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Skin cancers and their risk factors in older persons: a population-based study



The number of skin cancer is increasing rapidly. However, little is known about the risk factors of skin cancer in older persons. Our objectives were to determine the risk factors for skin cancer or its precursors in an older population. More specifically, to study the association of new skin cancers with previous skin cancer, sex, age, Fitzpatrick’s skin type, history of outdoor work and socioeconomic status (SES).


In this retrospective cross-sectional study of a large, well documented historical cohort data set a total body skin examination (TBSE) was performed for 552 participants aged between 70 and 93 years by dermatologists. The information gathered was augmented with health register data and self-reported data. The associations between skin cancer and its risk factors were studied by using the logistic regression analyses.


According to the TBSE skin cancer/precursor was present in 25.5% of participants and was more common in males than in females (34.5% vs 20.2%, p < 0.001). Previous skin cancer increased the risk of subsequent skin cancer 2.6-fold (OR 2.56, 95% CI 1.43-4.55) and male sex nearly 2-fold (1.97, 95% CI 1.26-3.08). Specific risk factors for the first occurrence of skin cancer were male sex and outdoor work. There was also association between skin cancer and age and socioeconomic status.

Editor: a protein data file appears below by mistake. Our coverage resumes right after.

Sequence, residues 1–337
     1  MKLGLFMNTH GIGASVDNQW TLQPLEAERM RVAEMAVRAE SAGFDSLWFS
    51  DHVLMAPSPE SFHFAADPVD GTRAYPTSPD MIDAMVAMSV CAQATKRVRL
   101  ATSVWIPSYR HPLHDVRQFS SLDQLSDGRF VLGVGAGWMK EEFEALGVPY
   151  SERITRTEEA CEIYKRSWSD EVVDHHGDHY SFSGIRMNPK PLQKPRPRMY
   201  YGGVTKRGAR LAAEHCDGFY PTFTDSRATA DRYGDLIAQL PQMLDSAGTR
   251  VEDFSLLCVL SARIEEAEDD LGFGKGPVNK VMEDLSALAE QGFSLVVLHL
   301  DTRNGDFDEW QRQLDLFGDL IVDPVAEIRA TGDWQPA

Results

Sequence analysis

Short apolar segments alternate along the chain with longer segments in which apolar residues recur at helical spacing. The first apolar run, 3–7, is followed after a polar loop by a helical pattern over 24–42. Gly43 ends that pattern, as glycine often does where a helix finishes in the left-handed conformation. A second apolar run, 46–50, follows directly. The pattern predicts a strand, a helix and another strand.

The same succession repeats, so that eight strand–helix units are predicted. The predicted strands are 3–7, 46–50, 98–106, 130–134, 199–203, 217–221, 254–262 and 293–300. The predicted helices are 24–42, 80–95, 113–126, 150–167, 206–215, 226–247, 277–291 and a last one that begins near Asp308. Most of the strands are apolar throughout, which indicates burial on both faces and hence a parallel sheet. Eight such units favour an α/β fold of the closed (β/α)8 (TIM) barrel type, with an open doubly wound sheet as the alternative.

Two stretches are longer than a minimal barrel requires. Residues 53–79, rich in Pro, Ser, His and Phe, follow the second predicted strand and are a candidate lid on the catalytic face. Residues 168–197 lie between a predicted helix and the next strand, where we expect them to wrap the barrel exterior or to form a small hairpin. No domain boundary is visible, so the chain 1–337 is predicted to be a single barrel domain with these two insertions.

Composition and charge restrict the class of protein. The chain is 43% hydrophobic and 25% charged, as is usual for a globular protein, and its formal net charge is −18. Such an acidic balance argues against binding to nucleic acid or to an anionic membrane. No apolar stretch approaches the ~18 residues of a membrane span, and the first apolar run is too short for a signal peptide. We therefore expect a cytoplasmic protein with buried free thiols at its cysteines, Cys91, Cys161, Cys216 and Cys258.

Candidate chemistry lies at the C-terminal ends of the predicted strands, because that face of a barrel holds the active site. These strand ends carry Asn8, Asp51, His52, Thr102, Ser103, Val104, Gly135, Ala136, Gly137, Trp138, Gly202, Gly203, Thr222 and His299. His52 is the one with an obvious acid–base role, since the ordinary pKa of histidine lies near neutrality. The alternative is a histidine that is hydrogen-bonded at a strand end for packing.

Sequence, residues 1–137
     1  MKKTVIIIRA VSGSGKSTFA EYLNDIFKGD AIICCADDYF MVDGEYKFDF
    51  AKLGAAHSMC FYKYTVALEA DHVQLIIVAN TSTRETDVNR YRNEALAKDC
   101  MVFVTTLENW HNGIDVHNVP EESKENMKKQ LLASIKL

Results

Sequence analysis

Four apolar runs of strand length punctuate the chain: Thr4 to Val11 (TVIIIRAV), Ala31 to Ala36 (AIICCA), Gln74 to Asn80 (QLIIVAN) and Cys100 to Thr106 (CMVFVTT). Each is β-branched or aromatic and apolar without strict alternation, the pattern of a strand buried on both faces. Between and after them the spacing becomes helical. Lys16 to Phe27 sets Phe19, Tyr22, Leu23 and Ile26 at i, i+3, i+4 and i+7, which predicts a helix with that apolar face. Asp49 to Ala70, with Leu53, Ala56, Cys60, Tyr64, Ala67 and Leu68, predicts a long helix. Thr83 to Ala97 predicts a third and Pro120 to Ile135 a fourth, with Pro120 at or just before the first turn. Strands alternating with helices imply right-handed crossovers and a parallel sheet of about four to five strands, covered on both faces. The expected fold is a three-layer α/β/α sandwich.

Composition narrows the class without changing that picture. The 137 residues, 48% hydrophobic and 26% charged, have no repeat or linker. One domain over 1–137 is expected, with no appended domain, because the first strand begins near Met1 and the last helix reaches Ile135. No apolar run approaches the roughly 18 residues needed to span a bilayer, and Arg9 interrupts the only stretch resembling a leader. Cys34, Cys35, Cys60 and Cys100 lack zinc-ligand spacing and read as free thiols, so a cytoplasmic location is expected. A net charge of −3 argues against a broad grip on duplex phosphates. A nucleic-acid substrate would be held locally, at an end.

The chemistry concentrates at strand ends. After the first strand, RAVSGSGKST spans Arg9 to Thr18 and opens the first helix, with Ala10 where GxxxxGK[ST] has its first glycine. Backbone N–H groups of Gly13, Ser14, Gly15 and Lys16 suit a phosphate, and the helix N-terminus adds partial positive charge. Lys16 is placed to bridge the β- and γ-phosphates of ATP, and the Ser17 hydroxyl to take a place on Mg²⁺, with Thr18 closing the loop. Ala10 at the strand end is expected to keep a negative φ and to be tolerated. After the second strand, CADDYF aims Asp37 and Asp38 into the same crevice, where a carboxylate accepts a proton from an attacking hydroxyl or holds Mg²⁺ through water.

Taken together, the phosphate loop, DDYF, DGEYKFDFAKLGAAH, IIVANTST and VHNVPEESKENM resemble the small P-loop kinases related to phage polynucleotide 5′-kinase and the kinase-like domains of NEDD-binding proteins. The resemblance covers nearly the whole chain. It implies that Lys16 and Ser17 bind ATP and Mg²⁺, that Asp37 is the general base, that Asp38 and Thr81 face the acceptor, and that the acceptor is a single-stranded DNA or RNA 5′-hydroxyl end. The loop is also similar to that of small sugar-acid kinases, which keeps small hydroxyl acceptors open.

TBSE is recommend for physicians treating older persons to allow early recognition of skin cancers or their precursors. Older males need particularly close attention.

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The incidence of melanoma and non-melanoma skin cancers is rising annually [1]. Today, skin cancers are the most common diagnosed malignancy in developed countries [2]. Age is indisputable a major risk factor of skin cancer [3], and, since the life expectancy has risen [4], the number of skin cancers is expected to increase unless more effort is made towards their early recognition and prevention.

Despite the increasing incidence of skin cancer, it remains unclear whether skin cancer screening – performed by total body skin examination (TBSE) – is effective or not [5, 6]. The Northern Germany skin cancer project concluded that skin cancer screening could enhance the early recognition and treatment of skin cancers [6]. On the other hand, the US Preventive Services Task Force (USPSTF) deduced that there is insufficient evidence that benefits of TBSE to screen for skin cancer outweigh the risks [7]. However, also USPSTF agrees that targeted risk groups could benefit from skin cancer screening [5]. In a Finnish study (n = 4037, mean age 69 years) a high proportion (38%) of participants who were referred to a Department of Dermatology for skin malignancy presented with a new additional skin cancer when screened by dermatologists. In that study malignant tumors were found most commonly in older men [8].

The present study was designed to evaluate possible risk factors for skin cancer in a general population of older persons by using the unique data of the Northern Finland Birth Cohort Parents’ Study and the Finnish Care Register for Health Care (CRHC). The associations of new skin cancer with previous skin cancer, sex, age, Fitzpatrick’s skin type, the history of outdoor work and socioeconomic status (SES) were studied.


Setting and participants